Keys to a Great Shot Line

Keys to a Great Shot Line

There are several factors that go into determining a great shot line for a player.  

Rarely do I get ALL factors executed to perfection by a single player.  More often than not, I’m making small compromises based on the way a player’s body is built.


Before we get too far into it, let’s make sure we understand what I mean when I say “Shot Line”.  

To me, Shot Line refers to where the ball is shot from in relation to the eyes.  It doesn’t really have anything to do with the set point, though it is easiest to see around the set point.  The Shot Line is more of a 2 dimensional representation of whether the ball gets in front of the player’s eyes, or out towards their shoulder.


My IDEAL shot line would be in front of a player’s eyes.  But let me say right here, I rarely get that.  I often have to make a small concession to the player on this.  

The reason I want the ball online with the eyes is simply because that is what we aim with.  If I was firing a gun, a bow and arrow, or using a pool cue, I would get the object on the same line as my eyes and the target. 

In basketball, I would want to do the same thing – as much as possible.

Why do I say “as much as possible”?

Simple – what I NEED to have happen is the middle of the player’s hand NEEDS to get under the middle of the ball at the set point.  If they are flexible enough to get the hand in the right place AND the ball on the line of their eyes, then that is what I encourage.  If not, I make sure the hand gets under the ball and get the ball as close to the line of the eyes as I can.


This is a common comment from players and coaches when I suggest the ball in the middle of their body.  There is a fear that the player won’t be able to see the target because the ball is in front of their eyes.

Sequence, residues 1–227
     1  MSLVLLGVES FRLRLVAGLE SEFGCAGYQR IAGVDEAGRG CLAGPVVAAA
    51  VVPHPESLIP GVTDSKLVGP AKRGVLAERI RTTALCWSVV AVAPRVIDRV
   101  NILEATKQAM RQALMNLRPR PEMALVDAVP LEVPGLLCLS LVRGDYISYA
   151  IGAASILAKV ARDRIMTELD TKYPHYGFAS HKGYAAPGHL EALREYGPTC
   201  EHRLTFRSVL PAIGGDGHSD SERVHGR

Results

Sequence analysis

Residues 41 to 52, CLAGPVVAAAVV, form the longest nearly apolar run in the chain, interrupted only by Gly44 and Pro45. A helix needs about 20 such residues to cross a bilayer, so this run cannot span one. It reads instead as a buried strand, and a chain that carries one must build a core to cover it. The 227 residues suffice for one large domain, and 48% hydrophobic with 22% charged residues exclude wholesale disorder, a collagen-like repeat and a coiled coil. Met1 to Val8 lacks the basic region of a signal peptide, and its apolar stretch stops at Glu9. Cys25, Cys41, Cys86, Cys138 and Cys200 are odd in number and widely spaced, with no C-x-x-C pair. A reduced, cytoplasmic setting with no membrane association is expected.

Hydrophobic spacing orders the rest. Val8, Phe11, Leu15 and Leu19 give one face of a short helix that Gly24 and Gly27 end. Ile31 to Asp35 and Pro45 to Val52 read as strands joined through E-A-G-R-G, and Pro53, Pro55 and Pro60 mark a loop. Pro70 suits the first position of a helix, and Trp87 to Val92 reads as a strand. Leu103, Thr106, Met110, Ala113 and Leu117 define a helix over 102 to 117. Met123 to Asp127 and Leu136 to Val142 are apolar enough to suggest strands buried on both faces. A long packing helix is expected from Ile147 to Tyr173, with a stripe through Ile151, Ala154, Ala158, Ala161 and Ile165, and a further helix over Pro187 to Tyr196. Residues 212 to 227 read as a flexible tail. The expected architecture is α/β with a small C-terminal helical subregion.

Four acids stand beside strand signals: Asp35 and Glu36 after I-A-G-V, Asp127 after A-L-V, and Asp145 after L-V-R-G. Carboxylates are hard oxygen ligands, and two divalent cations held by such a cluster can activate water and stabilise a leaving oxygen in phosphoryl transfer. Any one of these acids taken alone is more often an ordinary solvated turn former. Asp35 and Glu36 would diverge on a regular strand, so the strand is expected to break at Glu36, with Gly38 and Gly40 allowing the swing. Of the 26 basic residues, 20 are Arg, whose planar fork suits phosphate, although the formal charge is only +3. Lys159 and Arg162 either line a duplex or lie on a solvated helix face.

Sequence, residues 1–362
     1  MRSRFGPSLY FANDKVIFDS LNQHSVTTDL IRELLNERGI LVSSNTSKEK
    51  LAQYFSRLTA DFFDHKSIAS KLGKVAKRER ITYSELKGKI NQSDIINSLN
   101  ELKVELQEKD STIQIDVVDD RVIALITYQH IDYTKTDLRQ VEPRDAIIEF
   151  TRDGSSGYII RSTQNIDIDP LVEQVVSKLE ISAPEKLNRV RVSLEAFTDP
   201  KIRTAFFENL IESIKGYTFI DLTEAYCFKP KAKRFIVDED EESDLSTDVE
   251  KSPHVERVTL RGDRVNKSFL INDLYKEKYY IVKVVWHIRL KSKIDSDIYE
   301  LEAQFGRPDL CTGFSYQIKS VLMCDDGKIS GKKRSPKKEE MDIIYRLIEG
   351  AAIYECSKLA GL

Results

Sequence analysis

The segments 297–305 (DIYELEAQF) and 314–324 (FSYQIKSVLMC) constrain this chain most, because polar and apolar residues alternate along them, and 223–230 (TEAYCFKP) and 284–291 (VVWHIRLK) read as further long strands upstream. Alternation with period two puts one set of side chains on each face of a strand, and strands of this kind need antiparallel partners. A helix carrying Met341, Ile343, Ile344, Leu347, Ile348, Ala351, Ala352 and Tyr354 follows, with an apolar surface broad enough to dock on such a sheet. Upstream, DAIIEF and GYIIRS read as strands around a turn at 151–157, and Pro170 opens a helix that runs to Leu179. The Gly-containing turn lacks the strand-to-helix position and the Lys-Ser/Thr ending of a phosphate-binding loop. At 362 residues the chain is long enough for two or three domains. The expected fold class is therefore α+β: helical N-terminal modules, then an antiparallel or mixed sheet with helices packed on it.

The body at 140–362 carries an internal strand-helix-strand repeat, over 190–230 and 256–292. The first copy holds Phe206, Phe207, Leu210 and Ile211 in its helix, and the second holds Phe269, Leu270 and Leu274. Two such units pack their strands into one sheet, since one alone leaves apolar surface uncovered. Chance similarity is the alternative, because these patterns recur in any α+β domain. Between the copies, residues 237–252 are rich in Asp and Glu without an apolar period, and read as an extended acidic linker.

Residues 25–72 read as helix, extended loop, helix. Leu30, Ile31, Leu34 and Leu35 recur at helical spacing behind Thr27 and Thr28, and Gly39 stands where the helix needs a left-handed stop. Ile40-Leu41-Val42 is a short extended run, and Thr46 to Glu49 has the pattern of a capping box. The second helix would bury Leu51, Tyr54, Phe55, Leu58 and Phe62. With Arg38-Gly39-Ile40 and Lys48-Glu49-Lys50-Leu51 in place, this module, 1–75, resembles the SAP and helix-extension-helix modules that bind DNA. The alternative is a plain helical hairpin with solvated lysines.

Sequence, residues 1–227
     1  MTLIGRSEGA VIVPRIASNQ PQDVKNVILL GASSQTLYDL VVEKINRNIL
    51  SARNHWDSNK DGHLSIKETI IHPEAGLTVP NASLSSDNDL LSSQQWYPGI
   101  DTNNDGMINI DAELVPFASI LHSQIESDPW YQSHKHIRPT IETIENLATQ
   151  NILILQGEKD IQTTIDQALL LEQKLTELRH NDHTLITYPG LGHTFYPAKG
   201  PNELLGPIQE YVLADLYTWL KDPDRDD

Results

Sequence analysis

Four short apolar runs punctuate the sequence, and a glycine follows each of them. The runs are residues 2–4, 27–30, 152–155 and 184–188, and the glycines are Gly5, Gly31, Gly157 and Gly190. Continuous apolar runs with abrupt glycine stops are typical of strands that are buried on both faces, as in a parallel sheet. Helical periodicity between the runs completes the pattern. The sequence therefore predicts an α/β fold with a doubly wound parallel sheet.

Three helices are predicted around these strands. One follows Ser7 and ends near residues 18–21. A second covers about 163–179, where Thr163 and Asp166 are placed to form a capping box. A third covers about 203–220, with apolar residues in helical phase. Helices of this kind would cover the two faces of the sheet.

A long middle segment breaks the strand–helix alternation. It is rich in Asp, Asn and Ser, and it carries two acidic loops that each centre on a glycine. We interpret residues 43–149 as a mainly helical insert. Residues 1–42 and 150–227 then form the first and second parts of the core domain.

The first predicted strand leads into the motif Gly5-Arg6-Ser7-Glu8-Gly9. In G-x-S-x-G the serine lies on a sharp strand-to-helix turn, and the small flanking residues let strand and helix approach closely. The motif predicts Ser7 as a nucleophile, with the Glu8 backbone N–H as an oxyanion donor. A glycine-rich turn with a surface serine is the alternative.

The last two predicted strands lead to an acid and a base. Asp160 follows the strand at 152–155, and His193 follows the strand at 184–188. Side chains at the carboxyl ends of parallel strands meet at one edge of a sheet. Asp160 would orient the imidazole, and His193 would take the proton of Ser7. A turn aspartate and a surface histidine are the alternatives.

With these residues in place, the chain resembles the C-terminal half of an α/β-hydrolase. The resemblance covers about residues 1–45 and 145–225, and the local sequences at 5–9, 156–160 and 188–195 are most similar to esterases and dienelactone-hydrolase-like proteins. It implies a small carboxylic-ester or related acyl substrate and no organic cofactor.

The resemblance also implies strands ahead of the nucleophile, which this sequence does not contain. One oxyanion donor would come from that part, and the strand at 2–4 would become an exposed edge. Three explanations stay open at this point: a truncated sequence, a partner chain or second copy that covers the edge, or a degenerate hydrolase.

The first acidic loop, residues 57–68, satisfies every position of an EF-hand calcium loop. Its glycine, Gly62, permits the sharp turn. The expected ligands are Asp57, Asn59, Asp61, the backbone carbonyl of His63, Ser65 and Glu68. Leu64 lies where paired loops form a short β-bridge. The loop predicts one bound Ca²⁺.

The reality is, the ball will only be in front of the player’s eyes for a fraction of a second as they go through the shooting motion. The amount of time vision is obscured is so short that player’s don’t really lose sight of the target.  Plus, no matter where we position the ball, SOMETHING will be passing in front of their eyes, whether it’s the ball or their own arm.  


This is something you hear from coaches all the time – you need to align the ball, the shoulder, the hip and the foot.  This isn’t something I worry about at all.  I focus on the pushing evenly with the legs, getting the hand on the middle of the ball early, and getting the ball close to the line of the eyes.  

Personally, the alignment of the shoulder doesn’t matter in the same way that a pool cue doesn’t need to be lined up with the cue ball and target for the shot to go in.  The CONTACT POINT matters.  In basketball, the contact point is where our hand is on the ball.  This is why I say I NEED the middle of the hand under the middle of the ball.


Most of the player’s I work with end up settling into the ball on line with their shooting hand eye, but not for the reason most people think.  It is not because the shooting hand eye is most important.  It is more likely that is the closest we can get to the middle of the eyes while keeping the middle of the hand under the middle of the ball.

I don’t worry about the dominant eye at all – for a couple of reasons.  First, shooting a basketball is a 3 dimensional target.  Depth is a HUGE part of the equation.  We measure depth by using both eyes, not just our dominant eye.  The dominant eye is more of a concern when the target is 2 dimensional, like when firing a gun or throwing a dart.  In those cases, you aren’t really measuring the distance of the target because you are trying to fire THROUGH the target.  

Secondly, the dominant eye can be opposite to the shooting hand.  And that can cause its own problems.


I’ll never allow the ball to come up the non-dominant side of the body.  The reason being, as soon as the ball crosses the mid-line of the body it is impossible to keep the middle of the shooting hand underneath the middle of the ball.  And like I said earlier, that is the one thing I NEED to have happen.  Going back to our billiards analogy – the cue ball has to hit the target ball in the right spot.

So when working on the shot line of a player, remember some of these factors to help determine what is the correct position for them.

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